In fall 2017, bassist Lucy Clifford got the chance to record and tour with Portuguese fado sensation Mariza. Clifford reflects on the experience in the following selections from a travel journal she kept. You can also read the full version.
By Lucy Clifford ’16
I was fortunate enough to accompany Mariza on her latest tour of the U.S., and in doing so, learned about the world of fado, a music in which Mariza can easily be described as the world’s reigning artist of today. I quickly gathered that no one has embraced fado with greater charisma than Mariza, and was amazed at how her, and the brilliant players that accompany her, have been reinventing its traditions. It was an opportunity that I am forever grateful for, and can sincerely say that not one concert went by on this tour where I didn’t learn something new about fine musicianship, fado, and its charming home – Lisbon, Portugal.
This U.S. tour consisted of intimate venues, allowing her audience to experience an up close and personal show, an opportunity that has never been offered in the past. The tour name, Raizes, meaning “Roots” depicts the music presented throughout the concerts. As Mariza described it, the purpose was really to play music “that we know and love, that is a part of us.” Not a traditional fado concert, the set lists are comprised of a real mix of traditional fados, songs from Mariza’s past albums, along with hints of her Mozambican heritage as well as her jazz, soul, and Brazilian influences.
Mariza’s upcoming album for 2018 also takes on this real fusion of genres, of which I had the beautiful opportunity to record bass on. And who better to treat this new album than long time friend and producer of Mariza, and Berklee’s very own Javier Limón, flamenco guitarist, artistic director of the Mediterranean Music Institute, and Grammy-winning producer. With such an extensive resume and passion for discovering new music, Limón really has been making waves in the industry and paving the way for new artists he passionately believes in. Javier Limón has been a constant source of support and guidance for me as a bass player, and I owe a lot to him for pushing me in new directions and presenting me with opportunities that I wouldn’t otherwise take due to my own inner fears. It was Limón who that introduced me to Mariza, and for that I am forever grateful.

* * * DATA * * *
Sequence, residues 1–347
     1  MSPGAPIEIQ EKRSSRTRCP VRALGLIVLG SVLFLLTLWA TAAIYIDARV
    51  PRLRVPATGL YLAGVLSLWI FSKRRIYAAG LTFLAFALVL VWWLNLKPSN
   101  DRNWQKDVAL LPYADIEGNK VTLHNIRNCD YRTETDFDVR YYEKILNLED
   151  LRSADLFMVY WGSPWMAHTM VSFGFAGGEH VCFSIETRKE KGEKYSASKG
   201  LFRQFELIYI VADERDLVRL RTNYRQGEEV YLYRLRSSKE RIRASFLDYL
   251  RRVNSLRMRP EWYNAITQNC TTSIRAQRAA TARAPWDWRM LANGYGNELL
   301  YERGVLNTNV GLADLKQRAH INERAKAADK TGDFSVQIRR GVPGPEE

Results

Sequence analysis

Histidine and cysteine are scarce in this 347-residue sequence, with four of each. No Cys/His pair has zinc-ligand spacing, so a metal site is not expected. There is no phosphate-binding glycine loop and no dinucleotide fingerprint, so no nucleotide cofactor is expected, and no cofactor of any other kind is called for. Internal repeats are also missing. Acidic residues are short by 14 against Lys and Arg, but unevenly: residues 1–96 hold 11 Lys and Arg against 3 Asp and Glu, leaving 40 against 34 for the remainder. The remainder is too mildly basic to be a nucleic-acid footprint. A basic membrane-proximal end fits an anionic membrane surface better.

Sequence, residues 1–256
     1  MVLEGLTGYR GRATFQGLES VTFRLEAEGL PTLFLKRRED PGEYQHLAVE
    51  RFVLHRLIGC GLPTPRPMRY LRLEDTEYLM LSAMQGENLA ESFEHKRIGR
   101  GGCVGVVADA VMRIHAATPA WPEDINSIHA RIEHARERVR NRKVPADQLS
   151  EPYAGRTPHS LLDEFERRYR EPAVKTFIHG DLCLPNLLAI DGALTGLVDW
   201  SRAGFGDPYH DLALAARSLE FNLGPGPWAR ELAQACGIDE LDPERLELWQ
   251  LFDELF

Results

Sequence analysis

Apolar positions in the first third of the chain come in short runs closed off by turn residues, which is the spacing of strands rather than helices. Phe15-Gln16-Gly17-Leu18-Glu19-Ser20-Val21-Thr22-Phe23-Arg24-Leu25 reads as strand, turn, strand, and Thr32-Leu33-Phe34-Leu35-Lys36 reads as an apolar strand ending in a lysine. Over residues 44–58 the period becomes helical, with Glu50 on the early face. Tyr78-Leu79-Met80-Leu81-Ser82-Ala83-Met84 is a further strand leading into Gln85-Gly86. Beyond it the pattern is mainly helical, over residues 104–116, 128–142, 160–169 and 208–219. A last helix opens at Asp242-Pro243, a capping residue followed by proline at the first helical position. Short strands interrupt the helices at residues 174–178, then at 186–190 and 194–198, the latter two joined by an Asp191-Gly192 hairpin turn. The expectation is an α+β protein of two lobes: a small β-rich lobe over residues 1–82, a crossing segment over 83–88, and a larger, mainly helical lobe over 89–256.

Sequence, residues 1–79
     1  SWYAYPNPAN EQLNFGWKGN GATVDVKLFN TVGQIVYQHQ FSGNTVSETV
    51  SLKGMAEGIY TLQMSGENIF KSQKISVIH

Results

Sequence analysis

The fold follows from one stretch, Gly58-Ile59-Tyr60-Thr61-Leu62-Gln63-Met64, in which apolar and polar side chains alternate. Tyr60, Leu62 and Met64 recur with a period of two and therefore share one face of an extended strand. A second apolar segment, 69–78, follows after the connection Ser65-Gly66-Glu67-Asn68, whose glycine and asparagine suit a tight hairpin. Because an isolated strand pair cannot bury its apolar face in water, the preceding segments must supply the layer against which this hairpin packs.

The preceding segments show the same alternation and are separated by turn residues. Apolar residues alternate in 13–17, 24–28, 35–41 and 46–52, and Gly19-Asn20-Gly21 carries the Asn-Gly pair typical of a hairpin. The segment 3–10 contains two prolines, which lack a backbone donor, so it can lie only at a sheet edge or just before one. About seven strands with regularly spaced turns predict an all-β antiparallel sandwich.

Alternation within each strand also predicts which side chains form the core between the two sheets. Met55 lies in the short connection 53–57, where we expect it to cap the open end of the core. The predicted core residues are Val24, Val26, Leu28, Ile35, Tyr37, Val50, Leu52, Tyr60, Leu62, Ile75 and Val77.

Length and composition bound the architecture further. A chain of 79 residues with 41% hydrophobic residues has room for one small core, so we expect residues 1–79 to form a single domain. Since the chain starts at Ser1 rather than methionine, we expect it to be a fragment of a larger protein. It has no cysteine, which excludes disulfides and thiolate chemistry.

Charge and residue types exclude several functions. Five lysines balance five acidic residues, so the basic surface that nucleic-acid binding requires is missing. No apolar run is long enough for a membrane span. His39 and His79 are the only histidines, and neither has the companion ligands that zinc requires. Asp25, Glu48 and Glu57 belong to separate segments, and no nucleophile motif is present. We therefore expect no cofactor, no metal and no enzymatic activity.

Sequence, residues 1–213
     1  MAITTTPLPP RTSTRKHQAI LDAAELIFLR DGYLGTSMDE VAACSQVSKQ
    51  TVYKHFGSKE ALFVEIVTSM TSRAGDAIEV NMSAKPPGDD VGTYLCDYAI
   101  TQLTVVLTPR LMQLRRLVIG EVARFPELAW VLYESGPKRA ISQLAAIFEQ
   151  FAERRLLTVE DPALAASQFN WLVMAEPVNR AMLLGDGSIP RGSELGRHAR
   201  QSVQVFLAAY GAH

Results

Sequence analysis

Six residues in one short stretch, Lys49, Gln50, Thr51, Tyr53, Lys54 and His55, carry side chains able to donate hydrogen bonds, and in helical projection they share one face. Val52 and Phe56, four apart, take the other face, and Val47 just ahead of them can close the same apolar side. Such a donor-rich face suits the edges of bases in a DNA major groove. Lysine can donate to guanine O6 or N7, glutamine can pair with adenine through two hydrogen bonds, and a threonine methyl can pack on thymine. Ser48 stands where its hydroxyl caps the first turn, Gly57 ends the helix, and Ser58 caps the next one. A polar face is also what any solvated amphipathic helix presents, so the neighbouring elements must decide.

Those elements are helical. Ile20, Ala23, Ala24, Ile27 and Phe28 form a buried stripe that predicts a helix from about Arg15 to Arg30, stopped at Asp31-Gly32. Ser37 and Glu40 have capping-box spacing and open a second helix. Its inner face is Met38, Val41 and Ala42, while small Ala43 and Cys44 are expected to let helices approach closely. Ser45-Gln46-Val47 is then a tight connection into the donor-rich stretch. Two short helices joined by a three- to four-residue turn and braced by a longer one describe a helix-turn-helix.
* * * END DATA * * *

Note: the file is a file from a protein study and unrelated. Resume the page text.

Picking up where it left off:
With the first show of the tour at Stanford University’s Bing Concert Hall studio, I was directed to meet Mariza and her team in San Francisco to rehearse the day before. To say I wasn’t nervous would be totally and completely a lie. I was about to venture into a territory of music that I wasn’t entirely versed in. That, along with being told by Limón that Mariza has never shared the stage with another woman, sent all kinds of vibrations throughout my body, both good and bad! However, those shaky thoughts and feelings were quickly put to rest when meeting Mariza’s amazing team of musicians and crew, all of whom were genuinely welcoming, kind, professional, and good-humored.
The concerts on this tour were particularly special for me, not only because I got to stand beside these musicians, but also because I got to listen to Mariza’s many stories. And while the traditions of fado stem from an aching palette of themes such as heartbreak, loss, and melancholic nostalgia (known in Portuguese as saudade), I was constantly fascinated with how she was able to convey this music’s past along with dashes of other influences. She undeniably knows fado’s roots, and that can be so easily heard throughout her performances. When Mariza told me that fado is “music from the streets” and that was essentially how she learned it, I knew that this had so much to do with why her voice is so captivating – that passion is more about feeling and experiencing than about being mechanically taught.
With around 17 shows at various locations around the U.S., this series of concerts was such a source of knowledge in learning about fado, bettering myself as an accompanist and was truly inspiring to be working with such remarkably versatile musicians. I deeply appreciate working with women who are continually evolving their craft, and Mariza is an example of exactly that: a strong female force in music that continues to inspire many, from all corners of the globe.
Big thanks also to Nuno Cruz, Mario Capucho, Paula Carmo, and Yusuf Gandhi for being such an incredible team.
Lucy Clifford is a bassist, composer, and educator from Wollongong, Australia. Since receiving her B.A. in jazz performance from Sydney Conservatorium of Music in 2012 and her diploma in contemporary writing and production from Berklee in 2016, Lucy’s multigenre bass playing has contributed to her extensive body of work, having performed across the globe with countless artists. She now resides in New York City.
- The College Vote: A Waking Giant - October 26, 2020
- ‘What You’re Supposed to Do’: Finding Success on a Nontraditional Career Path - October 19, 2020
- Congratulate Berklee College of Music’s Class of 2020 - April 27, 2020